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Based on 2 reviews
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I bought this rice cooker in May 2017 and it has still been so helpful for rice making. The steamer also helps me make broccoli and chopped up carrots and such but I don't really eat veggies so I don't use it as much. In terms of making rice, I normally can add in 3 cups and make it from memory (the instruction manual didn't help me at the time) and it will give me a full container of cooked rice. I've made brown rice and it works just as well as when I use jasmine white rice. Even though I'm terrible at cleaning it, it has been serving me well throughout the years. It's not very big but it's perfect for a small family. I eat rice often but not as often as I'd like so this is convenient for me in terms of making the right amount. If I make too much because I think I will finish it, it usually ends up perishing. Overall, it definitely makes it supremely easy for me to make rice and I love it!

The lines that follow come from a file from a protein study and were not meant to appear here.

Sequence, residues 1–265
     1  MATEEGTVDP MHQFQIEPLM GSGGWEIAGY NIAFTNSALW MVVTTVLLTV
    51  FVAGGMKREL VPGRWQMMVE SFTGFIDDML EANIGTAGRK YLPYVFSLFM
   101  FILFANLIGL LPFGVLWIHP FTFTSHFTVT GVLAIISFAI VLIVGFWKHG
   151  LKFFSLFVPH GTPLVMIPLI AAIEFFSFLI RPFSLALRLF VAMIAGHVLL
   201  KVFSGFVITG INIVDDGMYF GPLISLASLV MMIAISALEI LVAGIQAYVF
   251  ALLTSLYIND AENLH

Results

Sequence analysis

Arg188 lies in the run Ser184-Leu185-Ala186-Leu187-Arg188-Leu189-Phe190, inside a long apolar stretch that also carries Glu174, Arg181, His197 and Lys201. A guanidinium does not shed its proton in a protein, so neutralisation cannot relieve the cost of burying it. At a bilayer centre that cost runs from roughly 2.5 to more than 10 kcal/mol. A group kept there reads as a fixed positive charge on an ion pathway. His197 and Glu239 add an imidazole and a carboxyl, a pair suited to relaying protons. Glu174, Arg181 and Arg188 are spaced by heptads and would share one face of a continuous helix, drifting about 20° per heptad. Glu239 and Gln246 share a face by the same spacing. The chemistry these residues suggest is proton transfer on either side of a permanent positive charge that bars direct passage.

Okay. I'll give it five stars based on the rice it produces and easy of use and design. It does indeed make pretty much perfect rice, white, brown, wild, etc. as well as other grains. It comes with a little measuring cup. The water level marks inside (none too easy to see, are calibrated for the number of these little cups of grain you use. But the cup is about 3/4 cup, Why? Because that's 1-gou, the standard Japanese rice serving measure. But that's no big deal. Nor is it a problem that the water marks inside are hard to read. Just use one measure of water to one measure of rice. I know. That's different from your usual ratio for stovetop rice.There's a little bit of learning to do at first. I use more water with brown rice, more like 1.5 water to one brown rice. And some rice is drier than other rices, and need more water. I find that you can have a little more water, but you don't want to have too little, because the rice will be less than fully prepared. For instance, I forgot about the little measuring cup and absentmindedly used a full one cup measure but added water to the line for two gou. I got slightly underdone rice.Remember that the cooker knows when the water has been absorbed. Rice cookers work because, so long as there is free water in the pot, the temperature cannot rise above 212F (at sea level). So all the pot need do is stop cooking and reduce temperature to warm when the pot temperature rises about 212F. That's why it works for all grains. And that means the cooker doesn't really know when the rice is done, only when the water is gone.Now, you will see all sorts of different ratios recommended by rice cooker recipes and for different cookers. Lots of people use 1.5:1 for white rice. Quinoa is happier with a 2:1 ratio. Anything reasonably close will work, so long as you use enough water for the grain to be fully cooked when the water is gone. If you use a little more water than you needed, it will go on cooking until absorbed. The worst that will happen is that it might get a little softer than you'd like. And you can even fix it when you open the pot and find it isn't quite done. Just add a bit more water and start the cycle again. The cooker will still know when that water is absorbed. That's the lovely thing about a rice cooker. It can sort of peak under the lid for you, plus it doesn't have to be watched.